Author(s): Peter Rushforth
New York at the turn of the century; a city bursting with new life. Out near Hudson Heights, Longfellow Park -- and area of wealth and position -- is being torn apart to make way for the newly rich and ambitious who threaten to engulf the long-standing residents. The new century brings with it a new order. Butthey still have their traditions, these older families, still have their respectability, their position, their culture. The grander ones even have statues made in their image. Yet, like so many well-orchestrated worlds, their houses contain secrets, rooms, people that they would prefer the rest of the world not to dwell upon. In the Pinkerton household a nineteenth-century embarrassement remains. Alice Pinkerton.
Alice Pinkerton is almost thirty-five, not mad exactly, but disturbed, foolish, not right in the head. She had a friend once, a black servant girl (regarded itself as a harbinger of abnormality) but she disappeared one day, never to return. Alice is tolerated (more or less). free to wander about, free to accompany her family to tea parties and and cultured soirees, free to be condescended to, to have looks exchanged over her, free to be treated like a simpleton.
But the truth is, Alice's mind is razor sharp, honed by the restless imagination, years of reading, and profound contempt for her surroundings. Like her namesake in Through the Looking-Glass, Alice Pinkerton too has a mirror through which to enter a different world, only for her the mirror is her books. Left alone to read, to think, she has devoured the world that brings her mind alive: Shakespeare, Oscar Wilde, Robert Louis Stevenson, Wilkie Collins, Edgar Allan Poe are her inspiration; Jane Eyre (and Bertha Rochester), Maggie Tulliver, Lady Macbeth her companions, sustaining and nourishing her lonely life.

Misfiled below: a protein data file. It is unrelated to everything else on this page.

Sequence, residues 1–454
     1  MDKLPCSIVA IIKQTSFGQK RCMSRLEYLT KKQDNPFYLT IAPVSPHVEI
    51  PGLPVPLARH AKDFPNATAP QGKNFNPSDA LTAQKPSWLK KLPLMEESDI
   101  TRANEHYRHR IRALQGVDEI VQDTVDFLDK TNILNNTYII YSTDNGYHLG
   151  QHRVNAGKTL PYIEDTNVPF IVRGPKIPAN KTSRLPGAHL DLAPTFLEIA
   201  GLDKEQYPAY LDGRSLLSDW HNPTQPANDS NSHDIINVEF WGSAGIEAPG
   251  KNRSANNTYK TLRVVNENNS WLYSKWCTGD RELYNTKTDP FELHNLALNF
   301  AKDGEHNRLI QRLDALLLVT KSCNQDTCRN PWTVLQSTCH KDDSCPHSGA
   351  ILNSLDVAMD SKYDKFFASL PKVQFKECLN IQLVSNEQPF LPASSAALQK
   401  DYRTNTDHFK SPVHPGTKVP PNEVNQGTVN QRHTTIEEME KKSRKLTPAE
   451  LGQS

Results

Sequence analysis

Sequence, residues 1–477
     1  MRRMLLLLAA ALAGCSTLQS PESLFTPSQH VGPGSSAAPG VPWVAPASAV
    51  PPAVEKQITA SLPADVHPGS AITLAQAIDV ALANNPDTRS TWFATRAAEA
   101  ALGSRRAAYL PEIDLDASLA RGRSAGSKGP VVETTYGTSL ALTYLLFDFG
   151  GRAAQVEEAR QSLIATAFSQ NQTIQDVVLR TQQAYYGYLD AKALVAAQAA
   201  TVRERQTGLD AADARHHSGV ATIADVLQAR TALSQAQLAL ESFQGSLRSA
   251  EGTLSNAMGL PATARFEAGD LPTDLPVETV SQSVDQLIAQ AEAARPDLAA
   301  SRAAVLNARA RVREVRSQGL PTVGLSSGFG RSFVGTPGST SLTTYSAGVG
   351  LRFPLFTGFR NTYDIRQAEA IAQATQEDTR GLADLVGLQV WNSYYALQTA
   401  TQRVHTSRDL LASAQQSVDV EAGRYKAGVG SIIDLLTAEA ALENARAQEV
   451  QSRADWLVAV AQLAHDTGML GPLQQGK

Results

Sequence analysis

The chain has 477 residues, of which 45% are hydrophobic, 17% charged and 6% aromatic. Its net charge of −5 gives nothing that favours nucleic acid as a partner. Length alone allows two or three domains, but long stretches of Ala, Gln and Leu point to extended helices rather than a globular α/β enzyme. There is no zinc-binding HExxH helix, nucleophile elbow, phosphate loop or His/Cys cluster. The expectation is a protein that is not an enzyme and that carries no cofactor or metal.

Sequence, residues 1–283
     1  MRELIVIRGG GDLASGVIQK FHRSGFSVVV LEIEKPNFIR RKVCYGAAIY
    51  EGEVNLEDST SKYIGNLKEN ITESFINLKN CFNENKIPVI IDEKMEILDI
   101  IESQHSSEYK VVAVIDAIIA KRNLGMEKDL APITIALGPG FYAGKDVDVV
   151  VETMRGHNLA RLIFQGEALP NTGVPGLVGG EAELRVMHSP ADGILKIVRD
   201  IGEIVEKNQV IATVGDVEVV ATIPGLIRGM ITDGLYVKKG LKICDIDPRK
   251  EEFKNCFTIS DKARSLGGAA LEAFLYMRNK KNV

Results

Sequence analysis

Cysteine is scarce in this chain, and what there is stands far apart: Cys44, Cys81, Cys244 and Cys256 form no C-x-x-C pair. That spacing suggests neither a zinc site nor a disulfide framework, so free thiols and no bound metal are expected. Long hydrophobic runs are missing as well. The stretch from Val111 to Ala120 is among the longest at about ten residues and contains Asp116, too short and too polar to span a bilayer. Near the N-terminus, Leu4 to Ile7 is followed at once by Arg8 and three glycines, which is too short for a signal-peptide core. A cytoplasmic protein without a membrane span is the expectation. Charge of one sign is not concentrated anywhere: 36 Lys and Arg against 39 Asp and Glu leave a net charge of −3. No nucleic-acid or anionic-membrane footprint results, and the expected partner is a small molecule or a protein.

As she moves through the witless world of Longfellow Park, observing its prejudices, its shallow culture and its vanity, its hatred of truth, she transports those who belittle her into these books and into her own -- secretly-written -- books, where they can no longer hide behind their tea parties and their song recitals, but are forced to act out their true characters, and reveal their true natures.
Twenty-five years in the writing, heartbreakingly funny, fiercely intelligent, Pinkerton's Sister is an extraordinary work of imagination about imagination, a celebration of the power of fiction and its ultimate redeeming quality. It is a dazzling, mesmerising achievement.